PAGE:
The Maui Okinawan Kenjin Kai (MOKK), along with co-sponsor Maui Mall, will hold its Maui Okinawan Festival on Saturday, June 16, from 10 a.m. to 3 p.m. at Maui Mall in Kahului.
"Unleash Your Uchinanchu Spirit" is the theme of the festival, which is chaired by Jason Hondo and Lori Shinsato, with lots of support from MOKK members and friends.
"Mensore" means welcome in the Okinawan dialect. "Uchina" means "Okinawa." "Uchinaguchi" is the Okinawan dialect (Ryukyu language) and the people who speak "uchinaguchi" are "uchinanchu."
Shisa lion statues can be seen on top of roofs or at the gates of Okinawan residences and businesses, and even on street corners. According to Okinawan legend, shisa lion statues help ward off evil. How they came to be used as protectors is a story told and retold over the centuries so often that many different stories resulted, but to this day, they are usually displayed in pairs--one with its mouth open to scare off the evil spirits and the other with its mouth closed to keep the good spirits in.
Photo courtesy of Nagamine Studios
The entertainment program will feature continuous Okinawan music and dance performed by homegrown talent from Maui, as well as performers from O'ahu. Taiko and sanshin players, as well as martial arts demonstrations will also take the stage.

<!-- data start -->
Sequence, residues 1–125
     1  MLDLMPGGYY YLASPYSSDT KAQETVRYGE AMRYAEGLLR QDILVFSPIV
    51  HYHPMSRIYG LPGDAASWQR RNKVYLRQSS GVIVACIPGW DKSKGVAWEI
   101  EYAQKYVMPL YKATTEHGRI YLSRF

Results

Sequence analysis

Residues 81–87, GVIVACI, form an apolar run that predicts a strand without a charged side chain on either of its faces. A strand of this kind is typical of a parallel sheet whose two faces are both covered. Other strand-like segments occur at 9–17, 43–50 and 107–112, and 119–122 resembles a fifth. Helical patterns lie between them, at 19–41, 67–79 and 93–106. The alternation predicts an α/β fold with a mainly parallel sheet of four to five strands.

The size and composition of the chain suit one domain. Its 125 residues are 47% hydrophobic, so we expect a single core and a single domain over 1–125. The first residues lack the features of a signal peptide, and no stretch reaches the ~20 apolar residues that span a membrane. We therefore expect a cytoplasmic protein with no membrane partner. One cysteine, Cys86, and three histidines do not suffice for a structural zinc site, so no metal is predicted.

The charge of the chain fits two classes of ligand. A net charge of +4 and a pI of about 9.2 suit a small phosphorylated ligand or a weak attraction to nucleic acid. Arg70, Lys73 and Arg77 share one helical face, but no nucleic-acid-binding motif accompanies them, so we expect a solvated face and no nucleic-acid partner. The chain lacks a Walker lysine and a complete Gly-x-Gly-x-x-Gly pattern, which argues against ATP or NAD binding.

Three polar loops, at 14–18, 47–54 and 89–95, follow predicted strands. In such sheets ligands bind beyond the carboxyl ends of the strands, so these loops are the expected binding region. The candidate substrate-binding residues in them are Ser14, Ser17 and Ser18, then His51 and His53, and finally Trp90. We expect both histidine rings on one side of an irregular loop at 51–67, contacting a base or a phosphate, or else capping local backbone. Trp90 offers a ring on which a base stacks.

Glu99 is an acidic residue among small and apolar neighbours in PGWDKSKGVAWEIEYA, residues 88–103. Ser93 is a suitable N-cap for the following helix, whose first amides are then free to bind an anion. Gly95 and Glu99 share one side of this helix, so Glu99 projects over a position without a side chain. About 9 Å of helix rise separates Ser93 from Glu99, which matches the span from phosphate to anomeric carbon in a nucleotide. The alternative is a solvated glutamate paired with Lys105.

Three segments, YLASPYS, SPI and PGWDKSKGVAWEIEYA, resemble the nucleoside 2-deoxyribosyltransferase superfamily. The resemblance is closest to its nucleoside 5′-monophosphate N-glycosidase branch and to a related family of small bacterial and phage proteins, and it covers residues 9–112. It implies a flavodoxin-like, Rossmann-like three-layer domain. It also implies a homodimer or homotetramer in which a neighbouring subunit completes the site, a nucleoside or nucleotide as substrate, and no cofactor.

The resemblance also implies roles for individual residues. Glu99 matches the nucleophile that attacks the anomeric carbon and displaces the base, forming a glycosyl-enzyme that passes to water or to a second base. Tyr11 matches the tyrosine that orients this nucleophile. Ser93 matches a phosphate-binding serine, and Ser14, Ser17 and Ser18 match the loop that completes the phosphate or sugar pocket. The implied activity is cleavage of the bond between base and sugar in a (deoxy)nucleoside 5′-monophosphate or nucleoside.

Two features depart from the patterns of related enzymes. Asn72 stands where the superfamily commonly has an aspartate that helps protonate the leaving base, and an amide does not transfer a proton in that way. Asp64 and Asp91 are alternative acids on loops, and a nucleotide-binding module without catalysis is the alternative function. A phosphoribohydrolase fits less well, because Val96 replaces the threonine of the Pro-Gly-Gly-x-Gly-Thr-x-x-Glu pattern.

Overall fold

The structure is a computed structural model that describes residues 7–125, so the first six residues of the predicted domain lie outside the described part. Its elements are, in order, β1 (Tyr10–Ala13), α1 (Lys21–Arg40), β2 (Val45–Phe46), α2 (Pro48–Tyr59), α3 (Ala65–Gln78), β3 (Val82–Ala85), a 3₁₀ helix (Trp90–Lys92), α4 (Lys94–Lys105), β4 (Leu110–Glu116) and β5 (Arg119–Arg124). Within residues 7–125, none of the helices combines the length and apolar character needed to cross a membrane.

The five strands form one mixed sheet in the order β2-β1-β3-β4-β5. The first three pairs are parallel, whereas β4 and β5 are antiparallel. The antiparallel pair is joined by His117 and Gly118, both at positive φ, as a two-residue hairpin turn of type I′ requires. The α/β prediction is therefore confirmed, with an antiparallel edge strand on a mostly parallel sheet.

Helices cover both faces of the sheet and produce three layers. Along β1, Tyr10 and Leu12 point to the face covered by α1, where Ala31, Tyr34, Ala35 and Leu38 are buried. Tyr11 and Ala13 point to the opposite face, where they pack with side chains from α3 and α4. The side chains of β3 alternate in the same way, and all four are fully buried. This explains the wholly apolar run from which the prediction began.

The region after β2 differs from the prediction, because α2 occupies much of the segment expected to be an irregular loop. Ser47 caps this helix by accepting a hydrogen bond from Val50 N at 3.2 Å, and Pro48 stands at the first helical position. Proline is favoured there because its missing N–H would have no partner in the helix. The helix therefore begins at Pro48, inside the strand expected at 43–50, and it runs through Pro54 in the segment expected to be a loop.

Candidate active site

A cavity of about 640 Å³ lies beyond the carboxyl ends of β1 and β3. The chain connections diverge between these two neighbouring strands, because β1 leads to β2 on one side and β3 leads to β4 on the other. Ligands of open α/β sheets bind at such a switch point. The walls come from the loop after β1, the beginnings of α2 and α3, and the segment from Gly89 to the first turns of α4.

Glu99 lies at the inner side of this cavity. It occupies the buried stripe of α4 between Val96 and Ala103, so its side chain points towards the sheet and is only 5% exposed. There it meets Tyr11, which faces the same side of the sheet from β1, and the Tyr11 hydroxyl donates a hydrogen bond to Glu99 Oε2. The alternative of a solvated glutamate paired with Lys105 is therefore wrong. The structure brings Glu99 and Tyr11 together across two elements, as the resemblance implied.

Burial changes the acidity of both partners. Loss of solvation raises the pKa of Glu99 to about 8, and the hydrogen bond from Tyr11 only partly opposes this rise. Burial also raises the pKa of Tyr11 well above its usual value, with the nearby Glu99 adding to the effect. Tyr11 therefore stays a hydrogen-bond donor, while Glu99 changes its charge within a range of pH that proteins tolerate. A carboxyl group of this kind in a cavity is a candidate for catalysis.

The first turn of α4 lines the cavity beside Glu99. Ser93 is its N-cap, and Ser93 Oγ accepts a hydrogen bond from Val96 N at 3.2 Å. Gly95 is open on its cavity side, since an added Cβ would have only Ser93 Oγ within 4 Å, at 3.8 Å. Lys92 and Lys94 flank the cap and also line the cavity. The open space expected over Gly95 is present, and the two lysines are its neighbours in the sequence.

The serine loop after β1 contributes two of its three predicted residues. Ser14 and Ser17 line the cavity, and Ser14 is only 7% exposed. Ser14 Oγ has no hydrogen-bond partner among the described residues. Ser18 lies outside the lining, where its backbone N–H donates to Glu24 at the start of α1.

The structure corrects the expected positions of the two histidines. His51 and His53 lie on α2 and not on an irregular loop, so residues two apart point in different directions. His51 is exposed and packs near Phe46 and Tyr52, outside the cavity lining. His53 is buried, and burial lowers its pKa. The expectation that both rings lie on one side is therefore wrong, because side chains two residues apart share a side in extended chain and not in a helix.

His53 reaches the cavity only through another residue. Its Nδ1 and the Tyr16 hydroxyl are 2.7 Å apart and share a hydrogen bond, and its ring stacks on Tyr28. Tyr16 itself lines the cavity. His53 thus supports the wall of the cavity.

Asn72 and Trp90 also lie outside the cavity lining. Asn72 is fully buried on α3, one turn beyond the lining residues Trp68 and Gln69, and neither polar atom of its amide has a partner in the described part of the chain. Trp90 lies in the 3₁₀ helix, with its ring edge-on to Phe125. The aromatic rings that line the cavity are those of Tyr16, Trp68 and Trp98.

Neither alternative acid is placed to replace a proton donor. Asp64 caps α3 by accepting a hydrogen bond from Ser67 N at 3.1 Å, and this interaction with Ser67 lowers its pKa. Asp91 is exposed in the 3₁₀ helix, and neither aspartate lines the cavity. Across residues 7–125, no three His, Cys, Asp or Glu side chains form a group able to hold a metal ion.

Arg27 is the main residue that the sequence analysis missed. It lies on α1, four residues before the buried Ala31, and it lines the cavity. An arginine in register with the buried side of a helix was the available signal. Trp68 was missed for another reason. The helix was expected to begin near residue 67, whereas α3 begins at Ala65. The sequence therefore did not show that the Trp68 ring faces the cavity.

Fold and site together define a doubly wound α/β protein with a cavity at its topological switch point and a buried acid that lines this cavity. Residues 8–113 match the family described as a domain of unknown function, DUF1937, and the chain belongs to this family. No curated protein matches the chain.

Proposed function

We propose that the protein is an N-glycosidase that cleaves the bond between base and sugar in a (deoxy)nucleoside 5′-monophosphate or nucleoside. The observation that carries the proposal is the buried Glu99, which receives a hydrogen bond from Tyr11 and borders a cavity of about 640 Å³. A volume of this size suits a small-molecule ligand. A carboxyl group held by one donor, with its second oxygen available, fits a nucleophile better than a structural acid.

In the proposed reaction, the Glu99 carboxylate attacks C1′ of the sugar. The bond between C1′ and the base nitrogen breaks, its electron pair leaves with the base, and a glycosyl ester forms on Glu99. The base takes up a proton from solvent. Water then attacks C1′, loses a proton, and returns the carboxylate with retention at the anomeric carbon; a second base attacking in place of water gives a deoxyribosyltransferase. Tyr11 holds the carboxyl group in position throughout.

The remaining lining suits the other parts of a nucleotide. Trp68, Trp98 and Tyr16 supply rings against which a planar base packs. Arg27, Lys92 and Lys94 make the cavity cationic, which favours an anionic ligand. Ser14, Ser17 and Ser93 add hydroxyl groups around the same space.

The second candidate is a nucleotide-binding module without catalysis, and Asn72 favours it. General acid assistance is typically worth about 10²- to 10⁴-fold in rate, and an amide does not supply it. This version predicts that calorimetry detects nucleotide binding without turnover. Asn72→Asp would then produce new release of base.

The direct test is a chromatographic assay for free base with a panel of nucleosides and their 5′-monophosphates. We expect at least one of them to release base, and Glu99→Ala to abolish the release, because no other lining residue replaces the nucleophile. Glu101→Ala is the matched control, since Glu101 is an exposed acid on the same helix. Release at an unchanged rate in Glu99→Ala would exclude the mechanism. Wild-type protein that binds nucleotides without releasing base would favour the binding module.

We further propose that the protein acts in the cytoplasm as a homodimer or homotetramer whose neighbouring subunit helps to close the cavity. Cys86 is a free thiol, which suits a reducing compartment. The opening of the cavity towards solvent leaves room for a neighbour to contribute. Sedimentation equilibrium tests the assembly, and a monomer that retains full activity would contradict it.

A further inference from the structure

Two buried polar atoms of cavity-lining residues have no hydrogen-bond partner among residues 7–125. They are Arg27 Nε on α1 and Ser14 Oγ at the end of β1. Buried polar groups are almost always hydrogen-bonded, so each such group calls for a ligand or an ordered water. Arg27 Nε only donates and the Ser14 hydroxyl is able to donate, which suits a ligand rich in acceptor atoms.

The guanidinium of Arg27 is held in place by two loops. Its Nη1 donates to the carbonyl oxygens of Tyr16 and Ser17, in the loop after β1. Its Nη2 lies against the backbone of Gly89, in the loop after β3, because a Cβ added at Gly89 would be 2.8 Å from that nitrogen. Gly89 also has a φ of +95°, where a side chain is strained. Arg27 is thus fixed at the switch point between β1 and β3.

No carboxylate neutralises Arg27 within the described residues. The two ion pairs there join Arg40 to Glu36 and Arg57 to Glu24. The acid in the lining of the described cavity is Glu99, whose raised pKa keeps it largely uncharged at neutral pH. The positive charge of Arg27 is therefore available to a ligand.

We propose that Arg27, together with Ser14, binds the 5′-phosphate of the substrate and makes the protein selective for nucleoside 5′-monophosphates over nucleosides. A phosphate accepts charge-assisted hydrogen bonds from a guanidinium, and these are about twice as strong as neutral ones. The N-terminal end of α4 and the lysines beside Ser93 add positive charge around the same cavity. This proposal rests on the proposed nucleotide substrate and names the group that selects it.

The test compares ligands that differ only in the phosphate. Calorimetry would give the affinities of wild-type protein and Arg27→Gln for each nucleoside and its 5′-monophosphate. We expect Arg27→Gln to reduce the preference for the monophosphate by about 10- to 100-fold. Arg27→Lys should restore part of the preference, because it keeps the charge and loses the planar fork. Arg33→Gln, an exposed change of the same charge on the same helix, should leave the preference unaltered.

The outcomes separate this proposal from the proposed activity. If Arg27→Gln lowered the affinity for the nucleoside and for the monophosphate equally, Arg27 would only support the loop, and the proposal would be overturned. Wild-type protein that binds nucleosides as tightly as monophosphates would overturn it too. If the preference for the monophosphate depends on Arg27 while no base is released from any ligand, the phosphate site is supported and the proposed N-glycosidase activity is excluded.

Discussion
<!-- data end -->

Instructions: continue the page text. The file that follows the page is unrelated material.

Okinawan artifacts reflecting our Okinawan history will be on view at the cultural display, including items used by Okinawan Issei, Okinawan ceramics, glassware, lacquer, textiles instruments and dancewear.
The event will also feature 15- to 20-minute presentations and demonstrations on Okinawan topics.
There's something for everyone at the Maui Okinawan Festival--even a craft fair featuring the arts, crafts and jewelry of vendors from Maui and O'ahu.
Professional photo sessions in traditional Okinawan wear will also be available for children and adults.
Of course, no Okinawan festival is complete without lots of Okinawan food. The Maui festival will feature delicious pig's feet soup, an Okinawan plate lunch, chow fun and everyone's favorite--andagi, sweet deep-fried buns of dough similar to doughnuts or the Portuguese malasada--and more!
The country store will feature homemade pickles, jams and jellies, sekihan and other rice dishes, baked goods, and different types of mochi, including nantu and baked mochi.
The children are sure to have fun with the games and activities planned for them.
Festival T-shirts will also be available for sale.
The Maui Okinawa Kenjin Kai welcomes all Uchinanchu-at-heart!
Mark your calendars and plan on spending the day at the Maui Okinawan Festival and "Unleash Your Uchinanchu Spirit," at Maui Mall!
And, don't forget to bring your recyclable bags.
For more information on the festival, call the Maui Okinawan Cultural Center at 242-1560. The center's office, located at 688 Nukuwai Place in Waiehu, is open Monday through Friday from 8:30 a.m. to noon. The center itself is open Monday and Tuesday from 9 a.m. to noon, and Wednesday through Friday from 8 to 11 a.m. by appointment. Admission is free; call for reservations for guided tours.